If you are just starting out in tech but do not know which path to take, then this article is for you.

If you've started learning, but you're still confused on which programming language or tools to choose, don't worry – we'll discuss that here.

And if you've ever wondered how many tutorials you need to read to become a better programmer, we'll talk about that, too.

Let's begin with which programming language to choose. Then we'll look at how to best use tutorials to make yourself a better programmer.

What Programming Language Do I Learn First?

This question has been asked by almost everyone you know in tech today. There are so many different areas in the tech field, along with a ton of design tools, writing tools, programming languages, frameworks and so on. All this makes your choices quite difficult and possibly overwhelming.

So let's start with one of the most basic questions: which programming language should you learn first?

The most common answer to this question is: "Learn any language you want, and the others will become easy to learn afterwards". I totally agree with this answer.

Sometimes, it might still be difficult to just pick one at random. Here are a few points that will help you make your choice.

Choose a programming language based on your interests

You'll likely learn faster if you have interest in the subject you're learning about. So you might want to ask yourself what your interests in the tech field are.

First, this will help you pick a language that aligns with your interests. And second, it will make it easier and more interesting to learn. Most importantly, you will hardly find a reason to give up.

For example, if you have interest in hardware, you might consider a language that helps you build robotics like C/C++, Python, MATLAB, Java and so on.

If you are interested in animation, you might want to look for a language that is often used for animation like CSS, JavaScript, or Python.

If you love aesthetics, you might want to go for design or frontend development using tools like Figma, Adobe XD, CSS, PhotoShop and others.

If you love writing, you can consider technical writing or documentation using tools like snipper for image capturing, Photoshop for image editing, grammarly for proofreading, and a markdown editor for formatting content.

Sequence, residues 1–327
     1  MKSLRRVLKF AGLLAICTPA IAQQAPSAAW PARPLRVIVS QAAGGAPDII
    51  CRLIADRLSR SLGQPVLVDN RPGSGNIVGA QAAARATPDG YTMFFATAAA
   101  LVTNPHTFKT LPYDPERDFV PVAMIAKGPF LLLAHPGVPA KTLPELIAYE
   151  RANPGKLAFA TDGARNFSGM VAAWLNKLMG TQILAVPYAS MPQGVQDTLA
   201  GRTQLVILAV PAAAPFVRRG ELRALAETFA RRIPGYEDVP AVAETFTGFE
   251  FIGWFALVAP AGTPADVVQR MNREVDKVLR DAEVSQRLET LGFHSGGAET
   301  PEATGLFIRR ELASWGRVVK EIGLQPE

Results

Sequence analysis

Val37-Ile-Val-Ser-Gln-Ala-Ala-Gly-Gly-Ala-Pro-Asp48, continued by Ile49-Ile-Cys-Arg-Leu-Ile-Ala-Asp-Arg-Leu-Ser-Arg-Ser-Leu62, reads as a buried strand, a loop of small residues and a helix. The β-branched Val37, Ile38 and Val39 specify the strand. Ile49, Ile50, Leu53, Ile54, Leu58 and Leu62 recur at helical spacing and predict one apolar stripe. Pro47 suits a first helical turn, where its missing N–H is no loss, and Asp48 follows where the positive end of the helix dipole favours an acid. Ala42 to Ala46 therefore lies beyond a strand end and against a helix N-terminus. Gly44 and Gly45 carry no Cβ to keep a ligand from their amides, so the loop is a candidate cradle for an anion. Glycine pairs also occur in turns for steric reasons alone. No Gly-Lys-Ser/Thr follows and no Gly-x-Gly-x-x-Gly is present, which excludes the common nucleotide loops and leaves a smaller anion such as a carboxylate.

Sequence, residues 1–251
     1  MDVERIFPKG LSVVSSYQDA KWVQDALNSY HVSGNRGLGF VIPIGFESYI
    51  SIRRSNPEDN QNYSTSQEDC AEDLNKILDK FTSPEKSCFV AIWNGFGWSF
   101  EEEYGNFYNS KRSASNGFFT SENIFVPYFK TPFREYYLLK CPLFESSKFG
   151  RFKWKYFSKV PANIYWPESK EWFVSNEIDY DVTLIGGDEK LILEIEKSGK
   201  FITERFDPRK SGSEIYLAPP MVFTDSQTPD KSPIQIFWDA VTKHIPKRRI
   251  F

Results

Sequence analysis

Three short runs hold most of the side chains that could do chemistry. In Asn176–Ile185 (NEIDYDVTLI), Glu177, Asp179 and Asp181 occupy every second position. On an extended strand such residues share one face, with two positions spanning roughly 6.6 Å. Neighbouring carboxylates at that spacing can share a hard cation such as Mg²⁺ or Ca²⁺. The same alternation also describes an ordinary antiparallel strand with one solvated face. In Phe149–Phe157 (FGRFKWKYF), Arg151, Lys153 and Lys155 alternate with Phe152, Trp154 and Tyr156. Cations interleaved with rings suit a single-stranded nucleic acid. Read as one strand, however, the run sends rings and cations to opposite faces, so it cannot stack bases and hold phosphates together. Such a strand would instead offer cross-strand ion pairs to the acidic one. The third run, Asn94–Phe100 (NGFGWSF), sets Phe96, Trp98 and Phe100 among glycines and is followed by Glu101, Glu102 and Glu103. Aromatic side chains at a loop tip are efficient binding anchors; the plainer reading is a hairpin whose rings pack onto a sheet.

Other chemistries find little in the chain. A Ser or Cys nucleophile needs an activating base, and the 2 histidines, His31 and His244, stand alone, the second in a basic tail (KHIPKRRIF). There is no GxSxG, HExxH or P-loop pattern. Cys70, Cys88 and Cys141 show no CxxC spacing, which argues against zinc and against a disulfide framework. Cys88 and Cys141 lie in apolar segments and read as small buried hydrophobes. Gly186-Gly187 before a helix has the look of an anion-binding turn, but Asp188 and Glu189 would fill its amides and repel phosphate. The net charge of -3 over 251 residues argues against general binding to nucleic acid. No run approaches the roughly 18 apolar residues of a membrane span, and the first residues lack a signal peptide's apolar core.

Choose a programming language based on its community

Most popular programming languages have a large community built up around them. These are people in that field who use the language regularly, and they might even work on or contribute to it if it's open source.  

The size and robustness of the community determines how many contributions are made to that language and how much support you might find if you have issues with it.

For example, if you're learning a language like Python that has a large and thriving community, you probably won't have to wait very long before a bug gets fixed if you find one.

JavaScript and its accompanying frameworks or libraries enjoy a large community and this is why there are so many packages built by the people of that community to make building applications with it a lot easier and faster. This also means that the language will last a very long time.

PHP didn't used to have frameworks, but people who use and love the language went ahead and built some for it such as Code Igniter and Laravel. And other devs built packages that you can just add to your code to get a lot done in very little time.

Another benefit of this is that you will have a lot of people with similar interests to network with. If you have a good network, you get to learn not just about the language but also about opportunities around it.

In general, there is usually a higher probability of getting help from a community of 10,000 people compared to a community of 1,000 people.

Choose a programming language based on job availability

Unless you have a particular project you want to build or you work as a freelancer, you should focus on learning a language that many companies use, especially those around your area. This is a practical consideration for when you start looking for a developer job.

So you might want to ask around and find out which languages the companies use that you wish to work for.

For example, it would be wise to learn JavaScript if most companies you want to work for use JavaScript.

Choose a programming language based on your background

Your educational background can also help you choose a programming language to learn. If you learn a programming language related to your background, you will find it easier to pick up and you'll likely make progress more quickly.

For example, if you have a background in statistics and analysis, you will find it more interesting to learn programming languages used for those purposes, such as Python and R. If you have a background in creative art, you might find design and frontend web development more interesting.

Choose a programming language based on your ability to persevere

Every developer (that is, problem solver) should strive to become patient, resilient, and tough. When you're learning to code, you'll have to persevere through a lot of hard times.

And learning some programming languages requires more of these qualities than others.